The story is included in a new book that celebrates the 35th anniversary of Brother James Court and the 80th anniversary of St. James Trade School. The book, compiled by Brother Anthony, author, and Phil Shadid, co-author, was released by Arcadia Publishing last week as part of its Images of America series and will enjoy a public unveiling at the 16th annual BJC Benefit Auction and Dinner on Saturday, April 10.

Auto mechanics was a popular program at St. James Trade School. As the school’s reputation for good work became known, many from the public became regular customers.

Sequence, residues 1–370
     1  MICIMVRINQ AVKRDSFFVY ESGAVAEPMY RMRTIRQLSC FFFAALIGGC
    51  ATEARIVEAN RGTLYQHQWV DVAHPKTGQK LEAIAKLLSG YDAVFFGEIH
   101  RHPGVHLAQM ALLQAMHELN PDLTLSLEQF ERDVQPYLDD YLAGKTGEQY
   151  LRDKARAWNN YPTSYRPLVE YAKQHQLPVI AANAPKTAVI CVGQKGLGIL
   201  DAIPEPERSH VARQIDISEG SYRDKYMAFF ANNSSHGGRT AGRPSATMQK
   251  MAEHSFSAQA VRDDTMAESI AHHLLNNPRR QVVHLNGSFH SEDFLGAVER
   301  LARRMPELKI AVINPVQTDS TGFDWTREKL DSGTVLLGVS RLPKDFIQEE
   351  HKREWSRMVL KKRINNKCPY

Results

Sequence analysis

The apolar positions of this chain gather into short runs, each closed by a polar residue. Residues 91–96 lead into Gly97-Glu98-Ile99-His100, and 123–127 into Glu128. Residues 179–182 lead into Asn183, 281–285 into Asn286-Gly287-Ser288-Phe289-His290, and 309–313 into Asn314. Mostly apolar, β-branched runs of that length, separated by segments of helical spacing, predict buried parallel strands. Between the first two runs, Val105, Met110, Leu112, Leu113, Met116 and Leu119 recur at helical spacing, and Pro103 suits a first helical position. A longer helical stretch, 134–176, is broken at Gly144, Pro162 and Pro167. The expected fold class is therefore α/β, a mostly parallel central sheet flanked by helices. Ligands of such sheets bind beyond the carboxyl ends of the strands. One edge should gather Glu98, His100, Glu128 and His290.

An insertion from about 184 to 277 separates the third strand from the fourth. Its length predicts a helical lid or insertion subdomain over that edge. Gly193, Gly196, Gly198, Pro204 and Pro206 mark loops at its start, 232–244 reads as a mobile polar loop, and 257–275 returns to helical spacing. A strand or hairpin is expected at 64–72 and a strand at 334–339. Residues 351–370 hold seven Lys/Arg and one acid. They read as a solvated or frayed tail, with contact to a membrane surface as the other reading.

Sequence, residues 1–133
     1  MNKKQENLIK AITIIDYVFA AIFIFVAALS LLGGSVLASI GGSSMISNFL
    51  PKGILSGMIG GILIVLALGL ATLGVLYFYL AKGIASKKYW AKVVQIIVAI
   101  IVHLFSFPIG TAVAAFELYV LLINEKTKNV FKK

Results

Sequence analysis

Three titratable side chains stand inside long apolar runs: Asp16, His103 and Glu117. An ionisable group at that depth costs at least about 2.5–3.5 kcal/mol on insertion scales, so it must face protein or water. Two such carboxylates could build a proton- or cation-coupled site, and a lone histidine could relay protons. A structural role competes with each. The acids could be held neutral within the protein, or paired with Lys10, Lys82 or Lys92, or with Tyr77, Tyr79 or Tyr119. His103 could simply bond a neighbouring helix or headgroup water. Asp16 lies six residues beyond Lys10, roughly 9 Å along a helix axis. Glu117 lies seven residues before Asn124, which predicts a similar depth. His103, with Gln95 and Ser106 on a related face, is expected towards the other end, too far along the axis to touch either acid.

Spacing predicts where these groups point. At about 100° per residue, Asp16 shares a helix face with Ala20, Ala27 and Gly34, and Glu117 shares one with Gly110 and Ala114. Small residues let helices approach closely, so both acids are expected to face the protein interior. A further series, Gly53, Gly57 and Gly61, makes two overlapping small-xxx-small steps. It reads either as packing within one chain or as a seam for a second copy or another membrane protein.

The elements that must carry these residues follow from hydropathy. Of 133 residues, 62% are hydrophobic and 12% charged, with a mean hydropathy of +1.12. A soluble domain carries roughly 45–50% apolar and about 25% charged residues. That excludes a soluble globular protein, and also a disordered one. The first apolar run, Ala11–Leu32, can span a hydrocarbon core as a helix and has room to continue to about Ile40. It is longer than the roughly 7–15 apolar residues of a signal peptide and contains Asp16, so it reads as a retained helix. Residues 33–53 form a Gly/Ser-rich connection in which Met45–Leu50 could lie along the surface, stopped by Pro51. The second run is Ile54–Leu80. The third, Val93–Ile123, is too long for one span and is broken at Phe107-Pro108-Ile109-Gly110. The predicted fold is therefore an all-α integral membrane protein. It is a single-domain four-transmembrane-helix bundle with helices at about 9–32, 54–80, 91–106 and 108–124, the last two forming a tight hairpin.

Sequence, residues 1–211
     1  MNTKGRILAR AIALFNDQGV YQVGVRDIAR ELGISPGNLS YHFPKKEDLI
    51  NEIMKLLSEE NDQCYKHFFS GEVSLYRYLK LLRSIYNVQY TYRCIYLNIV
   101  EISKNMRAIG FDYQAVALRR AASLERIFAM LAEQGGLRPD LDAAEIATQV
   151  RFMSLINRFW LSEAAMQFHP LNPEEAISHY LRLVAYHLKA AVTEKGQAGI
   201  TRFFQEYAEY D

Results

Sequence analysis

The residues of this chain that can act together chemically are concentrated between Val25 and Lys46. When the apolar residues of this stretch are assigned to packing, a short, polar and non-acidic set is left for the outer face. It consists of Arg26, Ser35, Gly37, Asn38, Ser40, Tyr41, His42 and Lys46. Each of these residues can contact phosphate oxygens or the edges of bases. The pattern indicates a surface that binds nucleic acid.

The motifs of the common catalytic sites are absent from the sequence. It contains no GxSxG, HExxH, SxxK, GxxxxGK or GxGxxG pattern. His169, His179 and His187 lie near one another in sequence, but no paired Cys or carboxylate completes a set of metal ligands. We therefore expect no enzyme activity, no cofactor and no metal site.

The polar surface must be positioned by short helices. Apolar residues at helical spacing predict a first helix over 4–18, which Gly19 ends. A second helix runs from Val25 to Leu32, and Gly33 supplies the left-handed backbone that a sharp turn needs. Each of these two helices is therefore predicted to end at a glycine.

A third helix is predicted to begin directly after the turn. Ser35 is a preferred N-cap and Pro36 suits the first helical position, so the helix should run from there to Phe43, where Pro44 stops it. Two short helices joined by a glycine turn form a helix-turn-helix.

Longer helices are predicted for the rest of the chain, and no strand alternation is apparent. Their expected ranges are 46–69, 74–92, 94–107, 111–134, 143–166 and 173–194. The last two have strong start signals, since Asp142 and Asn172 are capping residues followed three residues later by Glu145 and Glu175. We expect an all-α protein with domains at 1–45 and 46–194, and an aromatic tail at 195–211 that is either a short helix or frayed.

The St. James Trade School traces its origins to Germany, where the Motherhouse of the Franciscan Brothers of the Holy Cross stands on a hillside. Ten German brothers arrived in Springfield in 1928 to operate the Hospital Sisters’ farm and dairy operations. When Springfield’s bishop donated lumber, a monastery and other buildings were built on the 200-acre property and the brothers were ready to open their trade school in 1930, welcoming 10 orphans from Alton Children’s Home as their first students. The brothers taught trades like shoemaking, metals, woodworking, baking, dairy farming, and meat cutting for high school age boys, offering a trade certificate. They supplemented the program with a complete high school curriculum starting in 1944. Graduating classes ranged in size from four to the mid-twenties. Brother Anthony estimates 1,200 young men came through the school’s doors.